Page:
But the MMO genre being as wonderfully entertaining as it is, you only have to take a small step back to realize :AV: or :CCP: is still god’s gift to gaming compared to SOE or Turbine. The latest pants-head development to fall out of the clowncar is the $50 hobby horse in LotRO. As others have mentioned, if this was an April 1st post it would fail because it would be too obvious, but no no, Turbine is serious.

Now sure, LotRO is already a F2P MMO, so the bar is meh high, but even at that level this is good stuff. First off, the ‘mount’ just looks stupid, in Middle Earth or otherwise. If it was a free drop for new players as their first mount, people would call it cyberbullying new players by making them ride around on something that looks so insulting and is often used as a hazing ritual. That Turbine wants $50 for it must be some social experiment (I think the question is “How many LotRO players would pay to get kicked in the balls?”), with the ultimate joke being on said players.

Because let’s make no mistake about it, LotRO players will buy this, just like WoW players got in line to buy a sparkle pony. We are not talking about the EVE playerbase that turned back CCP and Incarna here with the Jita Riots, we are talking about a F2P playerbase who already purchase The One Ring in their shop, and subject themselves to the game perma-spamming them to buy more every two seconds. Furthermore, if you think this is the only time this is going to happen (or even worse, that you think THIS is the START of a slippery slope…), let me introduce you to EQ2, a game basically funded on F2P dummies buying fairy wings, magic carpets, or whatever the SOE brain trust has devoted 90% of their development time and effort to. The only question left unanswered here is what will Turbine call the panda expansion for LotRO?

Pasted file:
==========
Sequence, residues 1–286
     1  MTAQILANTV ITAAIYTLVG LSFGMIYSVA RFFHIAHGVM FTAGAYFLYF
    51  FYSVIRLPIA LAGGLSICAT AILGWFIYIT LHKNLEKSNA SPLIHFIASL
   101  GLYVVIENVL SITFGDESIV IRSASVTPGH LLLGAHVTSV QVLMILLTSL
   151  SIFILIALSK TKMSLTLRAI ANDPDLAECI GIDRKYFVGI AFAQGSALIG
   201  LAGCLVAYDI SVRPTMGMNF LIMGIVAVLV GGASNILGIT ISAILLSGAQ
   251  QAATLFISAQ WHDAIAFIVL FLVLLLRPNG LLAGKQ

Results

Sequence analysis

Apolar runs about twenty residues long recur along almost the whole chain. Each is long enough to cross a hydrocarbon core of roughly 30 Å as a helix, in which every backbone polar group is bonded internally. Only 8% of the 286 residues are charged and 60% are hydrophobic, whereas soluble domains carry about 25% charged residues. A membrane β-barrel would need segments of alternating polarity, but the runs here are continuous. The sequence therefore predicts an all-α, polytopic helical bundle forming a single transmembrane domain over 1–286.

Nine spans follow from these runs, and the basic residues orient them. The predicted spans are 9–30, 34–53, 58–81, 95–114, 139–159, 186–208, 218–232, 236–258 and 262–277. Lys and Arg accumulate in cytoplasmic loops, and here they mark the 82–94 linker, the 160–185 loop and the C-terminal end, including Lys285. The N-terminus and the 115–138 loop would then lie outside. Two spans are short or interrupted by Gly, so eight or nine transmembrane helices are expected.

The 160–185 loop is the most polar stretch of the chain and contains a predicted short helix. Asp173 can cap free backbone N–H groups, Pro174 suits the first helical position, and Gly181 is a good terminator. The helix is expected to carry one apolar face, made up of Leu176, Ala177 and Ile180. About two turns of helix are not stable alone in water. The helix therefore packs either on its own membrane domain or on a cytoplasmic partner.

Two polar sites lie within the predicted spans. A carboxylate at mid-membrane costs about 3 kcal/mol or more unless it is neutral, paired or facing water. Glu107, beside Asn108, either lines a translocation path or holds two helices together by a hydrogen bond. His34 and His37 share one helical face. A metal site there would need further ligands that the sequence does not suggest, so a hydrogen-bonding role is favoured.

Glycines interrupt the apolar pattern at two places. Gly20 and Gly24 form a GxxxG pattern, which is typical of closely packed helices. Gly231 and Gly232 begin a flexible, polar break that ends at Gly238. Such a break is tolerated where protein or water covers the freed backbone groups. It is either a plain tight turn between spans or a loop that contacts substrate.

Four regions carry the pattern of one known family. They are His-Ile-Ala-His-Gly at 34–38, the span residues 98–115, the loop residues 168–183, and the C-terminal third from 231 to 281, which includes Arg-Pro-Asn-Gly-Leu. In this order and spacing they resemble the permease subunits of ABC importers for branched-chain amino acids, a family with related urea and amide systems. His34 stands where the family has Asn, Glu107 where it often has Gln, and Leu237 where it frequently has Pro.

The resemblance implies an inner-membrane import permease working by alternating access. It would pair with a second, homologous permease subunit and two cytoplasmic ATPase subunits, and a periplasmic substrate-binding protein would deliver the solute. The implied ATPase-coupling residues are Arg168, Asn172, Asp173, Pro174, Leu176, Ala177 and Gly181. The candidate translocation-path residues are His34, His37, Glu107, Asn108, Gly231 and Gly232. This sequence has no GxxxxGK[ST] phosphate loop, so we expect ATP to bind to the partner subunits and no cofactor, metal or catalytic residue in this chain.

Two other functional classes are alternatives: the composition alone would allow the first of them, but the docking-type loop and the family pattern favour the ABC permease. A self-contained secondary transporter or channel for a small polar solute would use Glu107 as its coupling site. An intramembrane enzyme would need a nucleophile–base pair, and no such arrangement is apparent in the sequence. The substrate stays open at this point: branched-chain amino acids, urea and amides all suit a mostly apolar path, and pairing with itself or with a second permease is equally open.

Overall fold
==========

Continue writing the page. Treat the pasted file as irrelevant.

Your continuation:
Bonus points to former MMO blogger Tobold for this gem as he attempts to defend Turbine:

Let me get that straight: You would rather that Turbine makes no money and shuts the game down than allow them to “break your immersion”? Sounds extremely selfish to me.

Because it’s either hobby horse or death people! That’s the only option in the MMO genre. Nothing else works. Providing a consistent, quality service and charging for it is for suckers. Massively successful games with a huge playerbase like EQ or LotRO are doing it right, and you are all just way behind the curve.

Never change F2P people, never change.


How to look senile (FBW Thursday edition)

November 15, 2012

Former MMO blogger Tobold is having a rough year. First his EVE prediction is set to be confirmed as idiotic in just over a month, the industry has nothing for him to play and banished him back to the tabletop, and ‘soon’ the reality that Darkfall is coming back for round two is once again going to haunt everyone’s favorite thin-skinned, hyper-sensitive whipping boy.

Of course, a track record a mile long of simply being wrong does not stop him from posting. He is very tackle-titan-Gevlon in that regard, though with less blog-editing-after-the-fact. Today’s troll bait, which embarrassingly I’m going to bite on (in part because, as is most often the case over in dream land, the commenters that don’t get filter out beg for my opinion), revolves around keeping/losing subscribers.

Much like predicting EVE shutting down because “financial reports don’t lie”, it seems the old man’s memory has also lead him to forget which MMO he is talking about here. Because I’m pretty sure making a post about losing subscribers over the last three years, with examples such as WAR, AoC, Aion, LotRO, SW:TOR, and WoW itself around, picking the hardcore niche PvP MMO from an indie studio that remained a sub MMO all three years and with an increased staff is launching a sequel ‘soon’ is a poor choice.